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Uber and Motional to launch robotaxis across US over 10 years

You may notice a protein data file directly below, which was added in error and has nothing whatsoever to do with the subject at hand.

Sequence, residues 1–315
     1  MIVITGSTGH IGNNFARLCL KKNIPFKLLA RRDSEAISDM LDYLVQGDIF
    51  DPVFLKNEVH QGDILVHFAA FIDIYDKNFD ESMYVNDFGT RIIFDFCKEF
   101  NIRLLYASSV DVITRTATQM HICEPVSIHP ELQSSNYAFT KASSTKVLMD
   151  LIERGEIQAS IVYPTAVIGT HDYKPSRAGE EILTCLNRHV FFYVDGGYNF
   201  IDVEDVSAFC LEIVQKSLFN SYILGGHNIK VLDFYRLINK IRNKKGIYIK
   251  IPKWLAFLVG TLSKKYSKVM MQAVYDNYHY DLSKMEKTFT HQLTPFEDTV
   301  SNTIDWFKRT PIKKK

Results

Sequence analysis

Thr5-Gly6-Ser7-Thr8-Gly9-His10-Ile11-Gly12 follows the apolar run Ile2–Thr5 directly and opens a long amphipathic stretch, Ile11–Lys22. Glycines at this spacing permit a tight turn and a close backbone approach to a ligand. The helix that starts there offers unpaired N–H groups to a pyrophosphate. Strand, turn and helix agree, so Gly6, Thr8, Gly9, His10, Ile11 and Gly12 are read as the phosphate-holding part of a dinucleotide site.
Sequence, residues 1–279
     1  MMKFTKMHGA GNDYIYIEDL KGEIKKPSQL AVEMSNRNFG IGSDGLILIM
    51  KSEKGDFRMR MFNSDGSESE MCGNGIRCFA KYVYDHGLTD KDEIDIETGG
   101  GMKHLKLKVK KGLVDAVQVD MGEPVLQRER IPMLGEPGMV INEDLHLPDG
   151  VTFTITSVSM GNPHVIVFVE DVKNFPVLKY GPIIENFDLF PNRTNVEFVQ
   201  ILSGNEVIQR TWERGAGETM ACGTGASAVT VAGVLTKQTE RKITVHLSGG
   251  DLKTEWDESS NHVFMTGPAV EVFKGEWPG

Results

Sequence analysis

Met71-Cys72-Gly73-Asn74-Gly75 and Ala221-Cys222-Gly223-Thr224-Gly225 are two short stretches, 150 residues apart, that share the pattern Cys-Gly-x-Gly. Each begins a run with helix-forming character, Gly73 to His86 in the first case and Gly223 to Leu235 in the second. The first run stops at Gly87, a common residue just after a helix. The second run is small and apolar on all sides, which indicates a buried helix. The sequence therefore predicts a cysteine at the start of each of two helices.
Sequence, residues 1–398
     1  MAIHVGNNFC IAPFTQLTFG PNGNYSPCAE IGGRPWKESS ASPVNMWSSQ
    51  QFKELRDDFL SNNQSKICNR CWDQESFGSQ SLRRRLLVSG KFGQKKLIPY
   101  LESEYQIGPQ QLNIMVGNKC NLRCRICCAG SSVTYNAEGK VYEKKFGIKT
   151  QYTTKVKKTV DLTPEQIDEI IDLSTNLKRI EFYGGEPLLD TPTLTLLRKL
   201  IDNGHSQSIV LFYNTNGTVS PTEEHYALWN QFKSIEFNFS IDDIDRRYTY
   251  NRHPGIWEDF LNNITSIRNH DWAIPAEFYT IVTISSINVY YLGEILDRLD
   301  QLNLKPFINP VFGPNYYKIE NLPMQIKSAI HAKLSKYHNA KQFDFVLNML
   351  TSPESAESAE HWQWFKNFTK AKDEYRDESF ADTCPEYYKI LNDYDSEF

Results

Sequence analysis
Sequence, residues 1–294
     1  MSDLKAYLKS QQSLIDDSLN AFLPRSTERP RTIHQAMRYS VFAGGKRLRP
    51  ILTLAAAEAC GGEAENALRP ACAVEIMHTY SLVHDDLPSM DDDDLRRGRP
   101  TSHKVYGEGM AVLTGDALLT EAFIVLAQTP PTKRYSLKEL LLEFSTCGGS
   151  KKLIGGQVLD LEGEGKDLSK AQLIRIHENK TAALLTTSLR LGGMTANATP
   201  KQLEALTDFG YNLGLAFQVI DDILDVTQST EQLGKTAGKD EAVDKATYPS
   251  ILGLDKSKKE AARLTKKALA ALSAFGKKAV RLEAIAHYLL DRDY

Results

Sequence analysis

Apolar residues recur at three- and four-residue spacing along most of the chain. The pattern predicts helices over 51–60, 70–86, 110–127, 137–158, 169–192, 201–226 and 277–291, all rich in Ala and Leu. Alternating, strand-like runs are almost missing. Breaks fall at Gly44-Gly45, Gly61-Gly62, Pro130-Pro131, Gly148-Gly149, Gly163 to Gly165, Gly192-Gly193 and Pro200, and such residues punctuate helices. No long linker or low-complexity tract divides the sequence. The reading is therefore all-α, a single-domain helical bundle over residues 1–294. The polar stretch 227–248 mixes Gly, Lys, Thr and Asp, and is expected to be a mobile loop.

Motional, the Aptiv-Hyundai joint venture commercializing self-driving vehicle tech, will put its robotaxis on the Uber network later this year as part of a 10-year operating agreement that will eventually roll out to major cities across North America. The deal comes a year after the two companies struck a partnership to test autonomous delivery in Santa Monica, California using Motional’s autonomous vehicles. As with the delivery pilot, the new agreement will feature Motional’s all-electric Hyundai Ioniq 5-based autonomous vehicles. Uber and Motional have not disclosed where it will launch first. The move nods to Uber’s strategy, or rather wish, to one day make ride-hail profitable — first by being an “asset-light” company that relies on gig workers driving their own personal vehicles; and now by cutting out some gig workers. ( Uber says it doesn’t intend for AVs to replace drivers and couriers altogether and that it will need a hybrid network well into the future.) Automated driving technology has for a long time been a part of Uber’s end game. The company started its own self-driving unit, Uber ATG, in 2015, but found it to not only be a money pit, but also a brand hazard after one of Uber’s test AVs (with a human operator behind the wheel) hit and killed a pedestrian. Uber sold the unit off to Aurora in 2020 as part of a complex deal that included handing over its equity in ATG and investing $400 million into the AV tech startup. The agreement gave Uber a 26% stake in Aurora, which has since dragged down the ride-hailing company’s balance sheet. Now, Uber seems to be attempting to avoid the costs of designing and training self-driving cars while still enjoying the benefits of them to its bottom line — and without the added risk to its share price. As part of the partnership, Uber will use its reams of data to share insights on how to allocate and position Motional’s vehicles to hail the most rides and reduce vehicle downtime and unnecessary miles traveled. “Rather than building AVs ourselves, we’ve decided to bring AV developers fleets onto our network,” Noah Zych, global head of autonomous mobility and delivery at Uber. told TechCrunch. “While it won’t happen overnight, we expect autonomous vehicles to be an increasingly important part of the transportation ecosystem and therefore Uber’s business over time.” While Uber Freight has partnered with Aurora to deliver goods for customers via self-driving trucks, no robotaxi partnerships have materialized between the two yet. However, Zych said Uber’s mobility business is partnering with multiple third-party autonomous companies, including Aurora, to build “a safe, reliable and efficient network for Uber customers.” Uber has been working with Motional since May this year when the two began piloting autonomous delivery for Uber Eats in California, which Motional says has since expanded to include more restaurants. That might give us a clue where the companies will first launch a robotaxi service together, since Motional already has a permit to test its AVs — with a safety driver — in California. The startup told TechCrunch it has also applied for a driverless testing permit with the CA Department of Motor Vehicles, has begun drivered testing in Southern California last year and hopes to expand testing to include driverless operation. Las Vegas is another probable location. Motional has been testing for years in Las Vegas and recently launched a free robotaxi service on the Lyft network. The two companies plan to reach a full-scale commercial launch by 2023, something that’s still in the works despite Motional shacking up with Lyft’s competition. Motional also launched in spring 2022 a robotaxi service in Las Vegas with on-demand and transit tech service Via. “We believe ride-hails, and their vast networks of millions of riders, are the best way to scale driverless technology,” Akshay Jaising, Motional’s VP of commercialization, told TechCrunch. “Partnership allows us to focus on what we do best, building safe and smart autonomous vehicles that can be deployed at scale, rather than trying to build a network. Plus, with integrated networks, consumers don’t have to toggle between multiple apps. They’re able to go to one app to find a ride that’s most convenient for them, whether that’s a robotaxi or traditional vehicle. It’s a better experience for the end-customer.” Other AV companies, like Ford-backed Argo AI, are following a similar strategy of partnering up with existing ride-hail networks. In fact, Argo is running two commercial robotaxi operations on the Lyft network in Miami and, as of last week, Austin. Meanwhile, companies like Waymo and Cruise are also plugging along on the commercial robotaxi track. Cruise launched its own fully driverless ride-hail service (without a human behind the wheel) in San Francisco this summer, and aims to launch in Phoenix and Austin by the end of the year. Waymo is also offering a commercial robotaxi service in San Francisco, although safety drivers are present in Waymo’s rides. The company has been offering a fully autonomous commercial ride-hail service in Chandler, just outside of Phoenix, since 2020 and recently expanded its driverless program in the city. Uber and Motional to launch robotaxis across US over 10 years by Rebecca Bellan originally published on TechCrunch


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